- The Washington Times - Monday, May 4, 2009

President Obama on Monday announced new details about his plans to crack down on tax loopholes for large corporations and wealthy individuals, the latest move by his administration sure to complicate an already troubled relationship with the business community.

“We are beginning to crack down on Americans who are bending or breaking the rules, and we’re helping to ensure that all Americans are contributing their fair share,” Mr. Obama said in remarks to reporters at the White House.

Treasury Secretary Timothy F. Geithner and Internal Revenue Service Commissioner Douglas Shulman appeared with the president, and Mr. Geithner said the tax breaks and loopholes being targeted are “indefensible.”

The steps, however, were greeted with strong condemnation by business and anti-tax groups, and one key senior Democratic leader gave tepid approval.

“Further study is needed to assess the impact of this plan on U.S. businesses,” said Senate Finance Committee Chairman Max Baucus, Montana Democrat, who said he does believe that the “corporate international tax system needs reforming.”

However, House Ways and Means Committee Chairman Charles B. Rangel, New York Democrat, applauded the proposal, saying it “will help millions of American families regain some of the economic security they lost in recent years.”

Going after companies and individuals who funnel money to tax havens in Cayman Island or Swiss banks is just one part of the proposal, though the IRS will be hiring 800 new employees “devoted to international enforcement.” Much of Mr. Obama’s plan aims to limit what the president considers the tax avoidance of multinational corporations who use subsidiaries and foreign branches to exploit multiple loopholes.

The White House, in a release detailing the plan, said the current tax system “is rife with opportunities to evade and avoid taxes through offshore tax havens.”

They said that 83 of the 100 largest U.S. corporations have subsidiaries in tax havens, citing a government report, and that in 2004 the largest corporations paid about $16 billion, or a tax rate of about 2.3 percent, on $700 billion in profits.

The plan, which requires congressional approval and would not go into effect until 2011, would raise $60 billion by 2019 by reducing the amount of foreign income that companies can avoid paying tax on indefinitely through a procedure called “deferral.” It would raise another $40 billion over the next 10 years by cracking down on inaccurate tax deductions made by U.S. companies based on taxes they pay in other countries.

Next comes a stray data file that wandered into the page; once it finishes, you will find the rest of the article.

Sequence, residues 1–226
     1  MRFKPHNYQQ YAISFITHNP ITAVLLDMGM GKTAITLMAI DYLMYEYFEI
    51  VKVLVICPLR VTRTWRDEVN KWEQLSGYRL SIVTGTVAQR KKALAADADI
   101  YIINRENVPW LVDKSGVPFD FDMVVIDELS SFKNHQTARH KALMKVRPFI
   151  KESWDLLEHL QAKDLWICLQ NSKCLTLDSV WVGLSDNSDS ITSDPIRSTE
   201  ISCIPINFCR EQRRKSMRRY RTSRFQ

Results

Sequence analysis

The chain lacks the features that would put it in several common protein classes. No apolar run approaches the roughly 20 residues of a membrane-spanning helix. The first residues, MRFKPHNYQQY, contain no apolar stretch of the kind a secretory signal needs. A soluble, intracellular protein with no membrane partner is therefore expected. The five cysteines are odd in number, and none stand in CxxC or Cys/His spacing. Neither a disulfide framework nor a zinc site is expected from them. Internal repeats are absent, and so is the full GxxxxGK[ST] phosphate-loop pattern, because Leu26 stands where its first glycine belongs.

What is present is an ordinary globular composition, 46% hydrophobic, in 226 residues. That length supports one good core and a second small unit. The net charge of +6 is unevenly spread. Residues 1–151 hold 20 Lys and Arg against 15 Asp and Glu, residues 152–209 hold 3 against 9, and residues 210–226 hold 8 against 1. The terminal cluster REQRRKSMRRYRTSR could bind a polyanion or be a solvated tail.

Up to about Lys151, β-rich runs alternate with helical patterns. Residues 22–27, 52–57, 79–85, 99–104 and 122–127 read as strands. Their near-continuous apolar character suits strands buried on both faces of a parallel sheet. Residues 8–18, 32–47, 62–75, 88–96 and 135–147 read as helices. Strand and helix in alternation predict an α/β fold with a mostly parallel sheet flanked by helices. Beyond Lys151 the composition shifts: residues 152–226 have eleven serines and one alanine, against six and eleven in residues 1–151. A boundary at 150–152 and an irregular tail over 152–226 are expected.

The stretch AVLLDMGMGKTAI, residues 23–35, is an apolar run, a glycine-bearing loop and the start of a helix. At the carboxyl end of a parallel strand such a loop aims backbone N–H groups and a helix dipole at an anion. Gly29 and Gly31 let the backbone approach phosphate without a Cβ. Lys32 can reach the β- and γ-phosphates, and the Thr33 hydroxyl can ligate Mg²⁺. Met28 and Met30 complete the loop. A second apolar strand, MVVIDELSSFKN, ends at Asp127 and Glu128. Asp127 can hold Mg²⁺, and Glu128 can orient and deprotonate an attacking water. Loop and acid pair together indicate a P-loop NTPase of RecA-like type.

The White House expects to bring in $86.5 billion in ten years through forcing U.S. companies to count foreign subsidiaries as separate entities, eliminating so-called “check the box” rules passed by Congress in the last decade that allowed corporations to “make their foreign subsidiaries ‘disappear’ for tax purposes,” according to the White House. Tightening enforcement against individuals who use tax havens would bring in $8.7 billion.

The net result is expected to bring in about $200 billion in extra revenue over the next decade, and the White House also believes the new measures will help them stop businesses from sending jobs overseas.

“Our tax code actually provides a competitive advantage to companies that invest and create jobs overseas compared to those that invest and create those same jobs in the U.S.,” the White House said.

Fiscal conservatives and anti-tax groups decried the plan, saying it will produce the opposite of what it intends to do.

“Obama’s proposal will shove jobs and capital out of America and into foreign countries,” said Americans for Tax Reform, pointing out that U.S. companies already pay a higher corporate tax rate of 40 percent domestically than in many other countries, and that forcing them to pay this rate on profits they make internationally will drive operations out of the country.

“Obama’s budget and Congressional tax-writers have been clear — they want companies to pay the full corporate rate as soon as the international profit is earned. In a global economy, companies don’t have to take this lying down. It’s a relatively-simple matter for a U.S. company with an Irish subsidiary to become an Irish company with a U.S. subsidiary. The Obama plan will force thousands of companies to make this job-killing decision,” the anti-tax group said.

Dan Mitchell of the Cato Institute, a Libertarian think tank, said there is a misconception of tax havens as “yacht-besotted enclaves of shadowy international dilettantes, dripping with jewelry and laughing about the latest tax loophole their accountants have found.”

Tax havens, he said, are “a safe refuge for people seeking to dodge confiscatory tax rates.”

“Better to get some revenue with modest tax rates, lawmakers have concluded, than impose high tax rates and lose out,” Mr. Mitchell said, adding that lax rules for foreign companies in the U.S. have attracted about $12 trillion in investment in recent years.

Mr. Obama’s tax rules come on the heels of a bankruptcy deal with Chrysler last week that the auto maker’s creditors felt conceded too much to unions at the behest of the Obama administration.

The president’s vow to raise taxes on those making more than $250,000 a year automatically put him on unsteady footing with the business community. There is also concern among business and entrepreneurs about plans to spend trillions on expanding health care and plans to impose caps on carbon dioxide emissions.

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